Hennig XVIII

Tom DiBenedetto tdib at UMICH.EDU
Thu May 13 11:03:09 CDT 1999


John Grehan wrote:
>Regarding Tom DiBenedetto's comment that he has heard that Croizat
> was prone to rather intemparate remarks I think that the remarks should
>be directly evaluated case by case. The difficulty with Hennig explicitly
>denying the charge by Croizat (where is this published?  - I was not aware
>of it) is that Rosa preceeded Hennig, so a denial as such is not
>very informative.

I am not aware of a published source; I recall being told this story by
a certain cladist who had known and published with Croizat and who also
knew Hennig personally, and who discussed this issue with him. I dont
know why you find this uninformative. If Hennig denied knowledge of
Rosa's work, or any influence from Rosa, then either he was lying or he
developed his ideas independently.
I recognize that major scientific advances are not made in a vacuum;
new ideas must be pieced together from the raw materials of other ideas
current at the time. I agree that this is a fascinating subject for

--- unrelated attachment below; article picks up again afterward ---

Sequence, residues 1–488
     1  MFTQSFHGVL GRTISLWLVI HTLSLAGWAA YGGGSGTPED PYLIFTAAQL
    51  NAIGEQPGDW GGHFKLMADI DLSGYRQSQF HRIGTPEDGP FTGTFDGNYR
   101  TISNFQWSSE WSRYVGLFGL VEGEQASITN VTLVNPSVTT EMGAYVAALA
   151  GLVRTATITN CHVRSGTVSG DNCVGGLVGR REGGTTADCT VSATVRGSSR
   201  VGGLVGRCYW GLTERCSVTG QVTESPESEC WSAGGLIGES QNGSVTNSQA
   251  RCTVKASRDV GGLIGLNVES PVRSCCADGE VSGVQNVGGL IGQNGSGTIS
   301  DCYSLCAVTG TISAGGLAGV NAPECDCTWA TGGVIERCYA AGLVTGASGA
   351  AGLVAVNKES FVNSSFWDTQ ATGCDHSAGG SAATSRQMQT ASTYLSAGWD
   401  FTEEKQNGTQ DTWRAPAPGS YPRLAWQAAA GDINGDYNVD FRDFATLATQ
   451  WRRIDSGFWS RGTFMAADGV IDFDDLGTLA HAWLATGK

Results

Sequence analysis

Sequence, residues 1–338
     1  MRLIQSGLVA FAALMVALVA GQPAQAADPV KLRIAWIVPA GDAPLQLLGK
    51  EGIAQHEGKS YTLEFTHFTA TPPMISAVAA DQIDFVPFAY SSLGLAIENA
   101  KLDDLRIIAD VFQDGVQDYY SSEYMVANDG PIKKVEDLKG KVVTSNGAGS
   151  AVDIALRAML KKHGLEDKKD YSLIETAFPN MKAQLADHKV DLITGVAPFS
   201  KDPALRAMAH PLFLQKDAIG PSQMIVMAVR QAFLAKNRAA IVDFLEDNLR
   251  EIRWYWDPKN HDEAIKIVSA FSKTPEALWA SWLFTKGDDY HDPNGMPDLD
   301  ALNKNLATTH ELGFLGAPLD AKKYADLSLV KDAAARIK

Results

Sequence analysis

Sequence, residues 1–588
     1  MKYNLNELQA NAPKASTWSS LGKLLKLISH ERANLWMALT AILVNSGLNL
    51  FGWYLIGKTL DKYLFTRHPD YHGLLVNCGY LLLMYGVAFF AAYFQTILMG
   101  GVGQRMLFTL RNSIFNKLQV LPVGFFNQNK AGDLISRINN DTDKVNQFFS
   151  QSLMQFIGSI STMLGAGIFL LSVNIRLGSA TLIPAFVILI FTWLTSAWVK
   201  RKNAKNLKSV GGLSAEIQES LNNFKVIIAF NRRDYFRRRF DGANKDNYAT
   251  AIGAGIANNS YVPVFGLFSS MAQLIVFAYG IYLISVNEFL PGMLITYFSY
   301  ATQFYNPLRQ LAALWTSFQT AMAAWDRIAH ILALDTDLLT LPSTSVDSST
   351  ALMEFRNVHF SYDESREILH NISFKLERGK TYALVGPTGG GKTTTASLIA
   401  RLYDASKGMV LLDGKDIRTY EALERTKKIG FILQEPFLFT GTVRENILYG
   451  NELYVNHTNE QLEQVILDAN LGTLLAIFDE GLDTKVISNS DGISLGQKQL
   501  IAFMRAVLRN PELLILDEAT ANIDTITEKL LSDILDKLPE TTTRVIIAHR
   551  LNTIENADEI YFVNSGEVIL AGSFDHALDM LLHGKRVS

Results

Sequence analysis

study, and I also am one who tends to resist the deification of certain
individuals at the expense of other contributors. But on the other
hand, this can also unfairly denigrate real accomplishments. The little
light bulb going off in the head is only the first step on the road to
a major contribution. I doubt that Lamarck was the first biologist to
conceive of life evolving, nor was Wegener the first scientist to
notice that South America and Africa fit so neatly together.
The issue under discussion here has been whether Hennig deserves to be
considered the "founder" of phylogenetic systematics. Given the extent
to which he developed and implemented the ideas, and the fact that
nearly all cladists today identify his work as the crucial foundation
of the uniqueness of the cladistic approach, I think the title is
richly deserved.

>It still remains an open question in my mind, however, of how much cladistics
>comprised background knowledge for Hennig.

Since the term "cladistics" was coined to refer to Hennigian
systematics several decades after Hennig first wrote, it might be
helpful to specify a more precise term.




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